We start here with the earliest model - the slide or "pump-action" rifle.
The B.S.A. slide action rifle was the British equivalent of the Winchester, Remington and Fabrique Nationale - (FN) Browning pump-action repeating rifles. It was manufactured mainly with the tube magazine as shown in the advertisement below, but early in production, from 1923, a small number (probably a maximum in the very low hundreds*) of these rifles were produced with a box magazine. This version was then little advertised and is rarely come across today. The action is simply marked "Patent Pending" .
A pretty and well balanced design, the operating system was not as reliable as its well-proven American counterparts and sales probably suffered as a result, although prices in the U.K. were fairly well in its favour by comparison with the Remington and Winchester slide or "pump" action rifles, all being only a few shillings either side of £5.00 in 1925. The then newly introduced Browning pump-action rifle was entirely a different matter. This hit the market running at the incredibly competitive price of only three pounds and five shillings (£3.25).
The magazine of rifle s/n 1022 in situ
and shown separately, loaded with six rounds
The rifle "taken-down"
The barrel markings and rear-sight ....
The markings are similar to those of the War Office Pattern Miniature Rifle, i.e.,
The Birmingham Small Arms Co. Ltd.
Cartridge .220 Long Rifle
We have been fortunate enough to obtain the original 1923
patent application by B.S.A. Guns Ltd
for this box magazine action.
Click on the drawing for the complete specification.
See also the comparable Savage Arms design of 1903
The following year saw the introduction of the Tubular Magazine Model, of which around 8,000 were manufactured before the commencement of the Second World War* brought such production to an abrupt close. The manufacture of this design was destined not to be reinstated post-war, effectively leaving the market for slide-action rifles clear for Winchester and FN (Browning).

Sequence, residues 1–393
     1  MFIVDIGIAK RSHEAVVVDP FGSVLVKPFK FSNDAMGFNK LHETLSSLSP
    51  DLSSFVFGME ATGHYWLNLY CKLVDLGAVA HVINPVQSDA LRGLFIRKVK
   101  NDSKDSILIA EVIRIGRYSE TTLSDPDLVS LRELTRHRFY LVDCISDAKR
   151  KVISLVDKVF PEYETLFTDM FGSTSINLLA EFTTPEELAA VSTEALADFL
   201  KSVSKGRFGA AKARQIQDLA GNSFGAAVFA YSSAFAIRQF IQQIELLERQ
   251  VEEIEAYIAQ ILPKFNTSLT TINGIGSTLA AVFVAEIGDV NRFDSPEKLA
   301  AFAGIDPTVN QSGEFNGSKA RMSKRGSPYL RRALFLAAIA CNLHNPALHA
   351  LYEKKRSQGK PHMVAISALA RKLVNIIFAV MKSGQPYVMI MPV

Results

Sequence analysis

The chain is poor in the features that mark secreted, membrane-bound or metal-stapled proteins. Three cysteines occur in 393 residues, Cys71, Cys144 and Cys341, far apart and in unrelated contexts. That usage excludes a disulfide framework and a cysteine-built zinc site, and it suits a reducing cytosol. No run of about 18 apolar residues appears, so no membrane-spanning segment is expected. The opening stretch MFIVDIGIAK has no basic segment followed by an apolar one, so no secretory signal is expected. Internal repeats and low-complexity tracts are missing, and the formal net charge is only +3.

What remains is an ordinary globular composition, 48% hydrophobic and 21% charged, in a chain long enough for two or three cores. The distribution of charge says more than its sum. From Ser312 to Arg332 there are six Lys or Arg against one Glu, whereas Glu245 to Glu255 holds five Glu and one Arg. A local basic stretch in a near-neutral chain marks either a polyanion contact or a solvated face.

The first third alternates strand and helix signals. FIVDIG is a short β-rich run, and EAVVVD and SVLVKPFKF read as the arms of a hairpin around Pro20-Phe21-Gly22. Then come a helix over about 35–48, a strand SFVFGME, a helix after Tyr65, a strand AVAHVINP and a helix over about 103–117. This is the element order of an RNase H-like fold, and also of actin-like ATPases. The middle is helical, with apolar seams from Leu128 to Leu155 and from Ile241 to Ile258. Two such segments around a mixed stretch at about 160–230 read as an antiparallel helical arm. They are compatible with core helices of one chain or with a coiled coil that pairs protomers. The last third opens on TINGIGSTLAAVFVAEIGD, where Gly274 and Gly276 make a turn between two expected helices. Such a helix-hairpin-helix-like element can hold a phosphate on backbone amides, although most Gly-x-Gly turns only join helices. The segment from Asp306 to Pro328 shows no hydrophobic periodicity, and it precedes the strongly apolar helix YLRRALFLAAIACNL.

The rifle above has been professionally fitted with a sophisticated pair of quick release offset claw mounts for a German manufactured "Gnomet" telescopic sight (not illustrated), and the muzzle has been threaded for a sound moderator - the knurled cap at the muzzle being the screw-on thread protector for when the silencing system is not in use.
Below: as advertised in 1925 as a "Take-down" rifle
Below: the patent no. of the main production version with the tubular magazine
Click the patent drawing below to view the complete patent
Below: the tube-magazined rifle shown taken down,
We have not seen one of these in the flesh, but there are photographs of an example of a tubular-fed rifle
with a finely engraved action, chequered wrist and fore-end grip, the latter being of an diameter significantly
enlarged from the standard product; the rifle being BSA's Special De-luxe version, such as was available with
their contemporary models of Martini small-bore rifles, and even the War Office Pattern Miniature Rifle.
For those interested in the rifling of the pump-action models,
here is an image of the whole bore length derived from the stacking of a series of 44 images.
Viewed from the muzzle.
It will be seen to be 8-groove, right-hand twist, with lands little wider than the grooves.
It is interesting to compare this with the wide-groove/narrow-land of the very accurate rifling of the earlier Model 12 target rifle,
of which a BSA drawing is shown about half way down that page.
* John Knibbs -"BSA - the Golden Century" - see Recommended Reading
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